Mandela ‘returns home’ to final resting place
Nelson Mandela's remains were returned to his beloved rural childhood village on the eve of a traditional burial Sunday, the final leg of his exceptional 95-year journey.
A funeral cortege with his flag-draped casket entered the gates of Mandela’s homestead in the remote village of Qunu, accompanied by a phalanx of military vehicles Saturday.
Mandela will be buried near the homestead, ending 10 days of national mourning and global tributes for the prisoner-turned-president who transformed his country and inspired the world.
“This is history,” said Ndumiso Jaca, 49, as the cortege drove out of view through the gates.
“The world will never be the same again.”
Sunday’s funeral will begin at 8:00 am (0600 GMT) with a two-hour ceremony for 5,000 people, with foreign dignitaries expected to include Britain’s Prince Charles.
But Mandela’s friend and fellow Nobel peace laureate Desmond Tutu is unlikely to attend, the archbishop’s office said Saturday. Tutu has been openly critical of the government and members of Mandela’s family.
“Had I or my office been informed that I would be welcome, there is no way on earth that I would have missed it,” Tutu said in a statement.
Amid public anger, the ANC scrambled to douse the flames, with Minister in the Presidency Collins Chabane saying: “Archbishop Tutu’s name was submitted by a list of guests we received from church leaders for accreditation.”
Tutu was “number six” on the list and was accredited for the Qunu funeral, Chabane said.
“Whether he comes or not is his choice. He’s accredited, if he wants to come, he’s welcome.”
Earlier a C-130 Hercules escorted by two fighter jets carried Mandela’s casket from the capital Pretoria to his native Eastern Cape.
The homecoming of Mandela’s body was greeted by thousands of waiting mourners and a full military guard of honour.
A sombre mood soon changed to cheers as the crowd — many dressed in free T-shirts bearing Mandela’s face — welcomed the return of their hero with joy and pride.
“I’m just telling him welcome, welcome home!” said Mxhasi Mpikwa, in upper Qunu, born in the same month of 1994 that saw South Africa’s first all-race vote and Mandela’s election as the first black president.
Military personnel lined the route, along with small groups of people singing anti-apartheid songs and songs in praise of the iconic statesman.
“He is finally coming home to rest, I can’t even begin to describe the feeling I have inside,” said 31-year-old Bongani Zibi.
“Part of me is sad but I’m also happy that he has found peace.”
‘Go well, tata’
Sunday’s interment will see Mandela laid to rest in the open spaces of the village that he so longed for during his years in apartheid prison.
Since Mandela died on December 5 at his home in Johannesburg, South Africans have turned out in the pouring rain and blistering sun to pay their respects.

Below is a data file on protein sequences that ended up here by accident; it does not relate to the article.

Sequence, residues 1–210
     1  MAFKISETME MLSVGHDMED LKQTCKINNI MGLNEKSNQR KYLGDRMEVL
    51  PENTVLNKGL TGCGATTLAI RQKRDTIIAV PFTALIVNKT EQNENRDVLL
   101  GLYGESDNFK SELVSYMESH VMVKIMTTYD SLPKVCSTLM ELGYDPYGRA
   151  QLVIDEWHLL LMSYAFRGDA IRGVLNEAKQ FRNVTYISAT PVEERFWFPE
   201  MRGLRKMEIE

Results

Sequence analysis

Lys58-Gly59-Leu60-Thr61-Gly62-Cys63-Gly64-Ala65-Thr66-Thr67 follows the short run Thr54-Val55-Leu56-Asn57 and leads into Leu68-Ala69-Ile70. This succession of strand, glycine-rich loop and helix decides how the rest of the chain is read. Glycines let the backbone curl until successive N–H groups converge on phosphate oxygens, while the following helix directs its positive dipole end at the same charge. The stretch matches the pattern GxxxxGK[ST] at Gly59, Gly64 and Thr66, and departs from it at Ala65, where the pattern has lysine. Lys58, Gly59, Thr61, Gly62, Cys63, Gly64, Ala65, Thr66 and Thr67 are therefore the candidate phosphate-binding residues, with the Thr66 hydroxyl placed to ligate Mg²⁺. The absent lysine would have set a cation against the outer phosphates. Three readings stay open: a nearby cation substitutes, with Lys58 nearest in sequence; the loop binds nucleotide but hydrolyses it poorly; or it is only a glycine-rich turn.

Tens of thousands had packed a soaked stadium in Soweto for a memorial service Tuesday and up to 100,000 people filed past Mandela’s open casket for the three days during which it was displayed at the Union Buildings in Pretoria — the same venue of his presidential inauguration two decades ago.
There were scuffles Friday on the final day of the lying in state, as police had to turn away tens of thousands of frustrated mourners who were unable to get in to view the body.
Mandela’s casket left Pretoria with a send-off organised by the ruling African National Congress (ANC) which he once led.
President Jacob Zuma, flanked by Mandela’s widow Graca Machel and ex-wife Winnie Madikizela-Mandela, said South Africa needed “more Madibas” — using Mandela’s clan name — in order to prosper.
“Yes we are free, but the challenge of inequality remains,” Zuma said, citing the twin blights of poverty and unemployment on the country’s economic progress.
“We would like to say, go well, tata (father). You have played your part and you have made your contribution,” he added.
Mandela’s grandson Mandla recalled how as a young child he would hear people in the then blacks-only township of Soweto shouting Amandla! (power) and “Viva Mandela”.
“I thought I must be a very popular kid,” he joked.
A traditional, private burial
The burial itself will be a strictly private affair, barred to both the public and the media, at the wishes of the Mandela family.
“They don’t want it to be televised. They don’t want people to see when the body is taken down,” government spokeswoman Phumla Williams told AFP.
The funeral will be held according to traditional Xhosa rites overseen by male members of Mandela’s clan.
The slaughtering of an animal — a ritual performed through various milestones of a person’s life — will form a crucial part of the event.
During the ceremony, Mandela will be referred to as Dalibhunga, the name given to him at the age of 16 as he entered adulthood.
Although Mandela never publicly declared his religious denomination, his family comes from a Methodist background.
On Saturday night, in line with tradition, several vigils were being held around Qunu, with the first funeral-goers expected to arrive as early as 2:00 am (0000 GMT).